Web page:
John Passion - Dunedin Consort -

A Passion with a difference - all to our good.

Somewhat unusually for one of Bach's great choral works, the Johannes-Passion is rather thin on the ground as far as SACD goes. My library version until now was Bach: St. John Passion - Netherlands Bach Society but this surpasses it for musical intensity and the imaginative presentation of the the work. John Butt presents this work as part of a service, opening with Bach's Chorale Prelude "Da Jesus an dem Kreuze Stund". This is then followed by Schein's Congregational Chorale of the same title before an extract from Buxtehude's Organ Prelude to the Passion leads gloriously into Part One of Bach's work.

It is immediately apparent when comparing the van Veldhoven release that Butt inspires another layer of spiritual intensity; the forces are the same size and are as follows:
Nicholas Mulroy (Evangelista & Tenor Concertist)
Matthew Brook (Jesus & Bass Concertist)
Robert Davies (Petrus & Pilatus)
Stephen Chambers (Servus)
Joanne Lunn (Ancilla & Soprano Concertist)
Clare Wilkinson (Alto Concertist)
Katie Trethewey (Soprano Ripienist)
Alexandra Gibson (Alto Ripienist)
Malcolm Bennett (Tenor Ripienist)
Christopher Borrett (Bass Ripienist)

The power of expression in "Herr, unser Herrscher" is almost unbearable from the strings that nag away to the pained counterpoint in the chorus - the devotion is almost painful and, if one didn't now different, this would make one question if Bach had in fact composed an opera. This comes ever more prominently to mind with the expert pacing and phrasing (at both the levels of musical sentence and paragraph).

As before in Butt's recordings of Bach's work, no detail is left unattended and the way the short choral chorales take on a pivotal role in the drama is indicative of his approach. The singers from Jesus upwards (in a notational sense) respond with equal regard and audibly give their all to recitatives and aria's alike. At the end of Part One, Butt performs Bach's Chorale Prelude "O Lamm Gottes unschuldig" and, as before, the University of Glasgow Chapel Choir under James Grossmith sing Schein's Congregational Chorale of the same name. At this point of the service, one can turn to for a free download of a suitable sermon & intercession (this is not present on the SACD's) from the Sermon Section within The Leipzig Service of Vespers for Good Friday (German language). There are also two tracks, one each from John Butt & Robin Holloway, offering their thoughts on the John Passion.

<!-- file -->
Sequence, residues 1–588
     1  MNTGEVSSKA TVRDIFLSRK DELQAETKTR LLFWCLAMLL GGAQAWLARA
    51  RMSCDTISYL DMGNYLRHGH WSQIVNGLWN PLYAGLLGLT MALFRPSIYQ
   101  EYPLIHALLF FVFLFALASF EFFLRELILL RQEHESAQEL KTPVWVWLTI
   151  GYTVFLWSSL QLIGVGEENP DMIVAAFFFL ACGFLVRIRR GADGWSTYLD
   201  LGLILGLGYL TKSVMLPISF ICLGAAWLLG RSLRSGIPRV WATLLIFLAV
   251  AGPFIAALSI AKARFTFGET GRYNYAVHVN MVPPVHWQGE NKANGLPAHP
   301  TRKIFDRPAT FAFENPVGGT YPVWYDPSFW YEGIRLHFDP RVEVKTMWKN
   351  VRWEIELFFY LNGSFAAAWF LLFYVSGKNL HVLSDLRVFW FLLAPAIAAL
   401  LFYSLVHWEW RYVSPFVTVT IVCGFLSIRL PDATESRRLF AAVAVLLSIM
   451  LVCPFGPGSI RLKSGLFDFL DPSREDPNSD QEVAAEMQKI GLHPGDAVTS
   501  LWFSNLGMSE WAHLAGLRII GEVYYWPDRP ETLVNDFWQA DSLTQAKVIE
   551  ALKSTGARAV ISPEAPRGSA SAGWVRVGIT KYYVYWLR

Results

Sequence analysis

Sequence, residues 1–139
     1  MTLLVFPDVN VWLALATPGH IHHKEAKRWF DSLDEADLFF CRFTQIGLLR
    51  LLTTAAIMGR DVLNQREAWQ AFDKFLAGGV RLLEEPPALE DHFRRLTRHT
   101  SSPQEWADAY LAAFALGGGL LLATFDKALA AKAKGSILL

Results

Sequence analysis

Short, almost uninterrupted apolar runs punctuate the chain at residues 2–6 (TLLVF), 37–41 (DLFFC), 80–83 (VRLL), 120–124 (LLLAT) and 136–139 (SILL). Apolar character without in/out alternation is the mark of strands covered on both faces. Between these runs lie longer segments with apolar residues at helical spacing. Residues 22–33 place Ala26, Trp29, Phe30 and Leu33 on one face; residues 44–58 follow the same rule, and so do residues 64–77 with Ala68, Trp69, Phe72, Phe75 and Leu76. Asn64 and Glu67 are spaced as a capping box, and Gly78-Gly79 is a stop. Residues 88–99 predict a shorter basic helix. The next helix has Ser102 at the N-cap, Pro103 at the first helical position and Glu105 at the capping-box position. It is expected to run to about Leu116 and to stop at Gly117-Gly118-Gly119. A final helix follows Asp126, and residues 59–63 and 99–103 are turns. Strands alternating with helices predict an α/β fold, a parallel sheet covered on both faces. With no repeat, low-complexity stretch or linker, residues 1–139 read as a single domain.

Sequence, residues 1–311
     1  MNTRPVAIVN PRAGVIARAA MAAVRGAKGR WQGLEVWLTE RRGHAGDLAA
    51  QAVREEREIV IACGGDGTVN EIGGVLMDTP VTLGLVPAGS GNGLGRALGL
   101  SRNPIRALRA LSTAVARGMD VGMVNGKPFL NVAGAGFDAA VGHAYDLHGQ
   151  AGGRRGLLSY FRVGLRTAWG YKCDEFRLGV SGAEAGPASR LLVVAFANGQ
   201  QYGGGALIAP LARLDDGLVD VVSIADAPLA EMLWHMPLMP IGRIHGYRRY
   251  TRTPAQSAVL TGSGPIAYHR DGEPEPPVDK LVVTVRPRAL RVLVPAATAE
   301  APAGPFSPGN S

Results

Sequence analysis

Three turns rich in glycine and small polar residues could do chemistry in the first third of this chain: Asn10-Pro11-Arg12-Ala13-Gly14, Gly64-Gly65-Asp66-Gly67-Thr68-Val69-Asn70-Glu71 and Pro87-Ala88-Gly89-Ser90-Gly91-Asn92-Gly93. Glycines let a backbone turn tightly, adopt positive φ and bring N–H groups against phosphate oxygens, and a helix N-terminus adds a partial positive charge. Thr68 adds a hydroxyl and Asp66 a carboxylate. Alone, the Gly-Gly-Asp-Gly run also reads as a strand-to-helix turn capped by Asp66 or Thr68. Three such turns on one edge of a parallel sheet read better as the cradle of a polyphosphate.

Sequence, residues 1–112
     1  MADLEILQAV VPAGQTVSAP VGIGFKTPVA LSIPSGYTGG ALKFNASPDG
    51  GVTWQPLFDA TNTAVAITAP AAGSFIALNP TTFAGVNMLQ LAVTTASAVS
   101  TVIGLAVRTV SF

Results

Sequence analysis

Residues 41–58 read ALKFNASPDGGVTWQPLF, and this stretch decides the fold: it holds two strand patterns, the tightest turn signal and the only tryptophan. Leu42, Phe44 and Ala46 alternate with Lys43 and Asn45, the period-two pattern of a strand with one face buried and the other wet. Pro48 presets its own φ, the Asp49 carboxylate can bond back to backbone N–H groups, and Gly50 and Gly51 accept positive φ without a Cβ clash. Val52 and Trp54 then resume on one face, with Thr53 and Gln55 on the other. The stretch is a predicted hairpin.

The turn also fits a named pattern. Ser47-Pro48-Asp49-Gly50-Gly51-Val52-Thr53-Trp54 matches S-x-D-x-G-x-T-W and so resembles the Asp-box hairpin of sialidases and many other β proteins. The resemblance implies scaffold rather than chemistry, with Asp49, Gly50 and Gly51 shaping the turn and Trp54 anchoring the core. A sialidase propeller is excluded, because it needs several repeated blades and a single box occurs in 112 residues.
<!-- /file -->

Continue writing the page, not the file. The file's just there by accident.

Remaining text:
Part Two is preceded by Bach's Chorale Prelude "Christus, der uns selig macht"; both this Chorale Prelude and up to & including the tenor aria "Erwäge, wie sein blutgefärbter Rücken" are also on disc one, causing a split. This is the one downside of setting Bach's masterpiece as if in the middle of a church service. Fortunately, one needs would normally expect some moments of repose after such an aria so it is not of much consequence in terms of breaking the spell of the drama.

At the conclusion of Part Two, we are offered Jacob Handl Gallus' "Ecce quomodo moritur", the Responsary, Collect, Blessing from the Leipzig service and Schein's "Gott sei uns gnädig und barmherzig" (UoGCC/Grossmith) before, as in the opening of this liturgical event, Butt plays Bach's Chorale Prelude "Nun danket alle Gott" with Schein's Congregational Chorale rounding off the proceedings with a pleasing sense of organisational symmetry. I would normally highlight the contribution of one or more singers, players but it would be unfair to do so - every last one is deserving of the same praise.

The recording, made in the Greyfriar's Kirk (Edinburgh), is exemplary in one not attracting attention to itself. In many ways, this is similar to the approach of the musicians - so completely attuned to Bach's music, you only hear the notes, never them. The notes are detailed and a valuable commentary from Butt himself (no less than 10 pages worth).

Inspirational on every level.
16 March 2013